I can hug a homeless, mentally ill, prostitute on the corner and wish him a good day and ask how he is doing.  His life matters to me, regardless of anything he does or does not do.  And if all lives matter, then he should have healthcare and medication and safe housing and opportunities to make money in other ways than selling the only “capital” he has—his body.  If you wouldn’t go near such a man, then all lives do not matter to you.

If you would not sacrifice a portion of your own comforts and securities to make certain that all others had equal, or at least basic, comforts and securities, then all lives do not matter to you.

And if you cannot admit that you treat lives in a hierarchical manner, placing some lives higher than others, then you are in no position to say “ALL LIVES MATTER”.

This post is harsh.  But I won’t apologize for that, because it is necessary.

People with extreme privilege need to stop pretending at care for all lives.  Instead, all people need to care for one another in a manner that demonstrates we want a world without privileged status—we want a world where each life matters as much as our own.

I don’t see that from most of the people who say things like “ALL LIVES MATTER”.  I don’t see that from many of my acquaintances or my Facebook “friends”.  I don’t see that from most of my family members.  I don’t see that in my neighborhood or in my city or in the way that the problems we are facing are addressed.  I don’t see equity.  I don’t see lives that matter.  I look out my window and I see a sweet young man, who passes my home almost every day, bleeding on the sidewalk—shot, wounded, and not mattering much at all.

So, please, for the love of all that is good, stop pretending and making excuses and going forward without challenging the systems that are oppressing others.  Grow.  Think.  Listen.  Consider.  And then change, so that you are participating in a society that offers equal rights and equal benefit and equal status to all.

Don’t say all lives matter until you are doing everything you can to honor every single person living on this planet, and have your actions be intimately tied to the care and concern for every single one of those lives.  My guess is that following this suggestion will create a situation where only a handful of people I know—maybe less—will be able to say that all lives matter.  The rest need to sit and study and wrestle with the concepts of privilege and oppression and injustice and equity for a longer time and with more intent.

Yes, all lives matter.  But no, we aren’t treating people in that manner.  So start treating people as though they matter, or stop fucking saying that they do.

This morning the blood is washed away and people are out doing work.  The men across the street are working on fixing a car.  Next door to them is a man working diligently to rehab a house that has been boarded up for about four years.  I’m sitting in my office, overlooking the children and the young people and the men and women moving about.  We just go on.  We just keep on doing life in the best way we know how, in the midst of trauma and terror and task forces and terrible social support systems.  We are resilient and we are strong and we are good.  We keep fighting for change and working toward peace and summoning hope and praying for better situations.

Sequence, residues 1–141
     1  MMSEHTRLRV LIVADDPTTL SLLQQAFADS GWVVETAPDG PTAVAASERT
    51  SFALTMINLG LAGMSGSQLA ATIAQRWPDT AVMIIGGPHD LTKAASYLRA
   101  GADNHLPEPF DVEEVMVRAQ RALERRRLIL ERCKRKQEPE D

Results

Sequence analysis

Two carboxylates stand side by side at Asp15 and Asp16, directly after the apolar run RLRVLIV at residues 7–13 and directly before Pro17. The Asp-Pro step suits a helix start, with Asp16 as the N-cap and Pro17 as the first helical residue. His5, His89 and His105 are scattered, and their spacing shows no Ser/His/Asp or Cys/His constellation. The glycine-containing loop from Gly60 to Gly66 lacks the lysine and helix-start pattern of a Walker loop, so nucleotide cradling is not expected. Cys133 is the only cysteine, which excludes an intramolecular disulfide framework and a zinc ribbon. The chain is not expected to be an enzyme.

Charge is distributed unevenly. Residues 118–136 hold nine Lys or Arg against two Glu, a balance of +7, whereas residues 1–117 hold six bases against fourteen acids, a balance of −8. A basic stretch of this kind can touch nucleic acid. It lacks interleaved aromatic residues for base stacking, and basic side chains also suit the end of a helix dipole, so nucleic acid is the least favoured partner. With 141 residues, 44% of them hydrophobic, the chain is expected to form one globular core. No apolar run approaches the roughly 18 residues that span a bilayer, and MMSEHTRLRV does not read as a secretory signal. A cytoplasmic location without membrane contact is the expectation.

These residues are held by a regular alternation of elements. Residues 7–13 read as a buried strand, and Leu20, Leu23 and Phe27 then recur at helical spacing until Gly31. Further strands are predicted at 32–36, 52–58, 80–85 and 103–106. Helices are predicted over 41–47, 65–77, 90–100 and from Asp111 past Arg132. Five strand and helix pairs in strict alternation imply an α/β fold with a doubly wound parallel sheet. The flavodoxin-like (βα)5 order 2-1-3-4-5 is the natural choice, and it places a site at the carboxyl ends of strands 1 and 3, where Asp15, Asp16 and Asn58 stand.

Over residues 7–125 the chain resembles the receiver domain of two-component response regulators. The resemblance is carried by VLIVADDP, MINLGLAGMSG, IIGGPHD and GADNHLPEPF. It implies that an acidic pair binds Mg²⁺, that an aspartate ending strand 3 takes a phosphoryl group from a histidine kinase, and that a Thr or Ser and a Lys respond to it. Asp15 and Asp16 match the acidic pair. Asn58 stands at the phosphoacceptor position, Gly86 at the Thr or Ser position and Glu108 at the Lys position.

Even if you don’t show us our lives matter, we know that they do.  So we live our lives, in the best possible ways we can.  Our lives matter to us.  We hang on to one another, and we work together, and we keep telling our stories, hoping the world will one day hear and respond.  Hoping one day we will see that our lives matter, that all lives matter equally, on a global scale.

May that day come soon.

 

Same

There is this way of speaking that has taken over much of the communication between me and my daughter, and some of my friends as well, I suppose.  We shorten things.   It just seems like a whole lot of flourish and extra syllables isn’t necessary or important.  And while, as a writer, I am a huge fan of the flourish and the big words, in life they aren’t always helpful.

So, when we are thinking, “I completely agree and have a very similar perspective on this issue”, we instead say, “Same”.

I’m in the mood for pizza.

Same.

I can’t believe the state of the world and am grieving deeply over the pain and wounding that is overwhelming millions.

Same.

I wish that I could be in La Jolla right now.

Same.

I’m overcome with grief and don’t know how to express anything clearly, but everything hurts.

Same.

Yesterday I received news of the death of a good friend of my parents.  And all day I was feeling the weight of grief.  I was feeling it not just over the loss of her life, which is definitely significant and important, but also I was mourning the loss of my own mom.  And I was drawing all sorts of parallels between the lives of these two couples and feeling for those going through what I and my family went through a year ago.

All day I wanted to reach out to the daughter of the deceased wife and mother.  But there were not words.  There weren’t words when my own mother died either.  And the platitudes and “she is with Jesus now” assurances helped not one bit.  In some cases, they did more harm than good.

So, in the evening, I finally realized that what to say was that there was nothing to say—that nothing makes that pain lessened and nothing changes the complex feelings and nothing brings back the mother that you long for now more than you ever did when she was alive.  And I reached out with exactly that: an assertion that nothing would help and that I wouldn’t pretend it might.  I offered my love.  I offered my listening ear.  And I offered my sympathies.